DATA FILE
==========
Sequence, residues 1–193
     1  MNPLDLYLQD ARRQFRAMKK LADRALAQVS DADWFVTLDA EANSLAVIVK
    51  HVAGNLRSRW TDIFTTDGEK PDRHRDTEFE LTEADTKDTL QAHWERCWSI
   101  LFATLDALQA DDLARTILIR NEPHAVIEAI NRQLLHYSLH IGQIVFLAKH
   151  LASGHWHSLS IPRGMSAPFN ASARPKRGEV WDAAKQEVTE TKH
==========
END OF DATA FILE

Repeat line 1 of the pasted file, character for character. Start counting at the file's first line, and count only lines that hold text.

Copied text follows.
Sequence, residues 1–193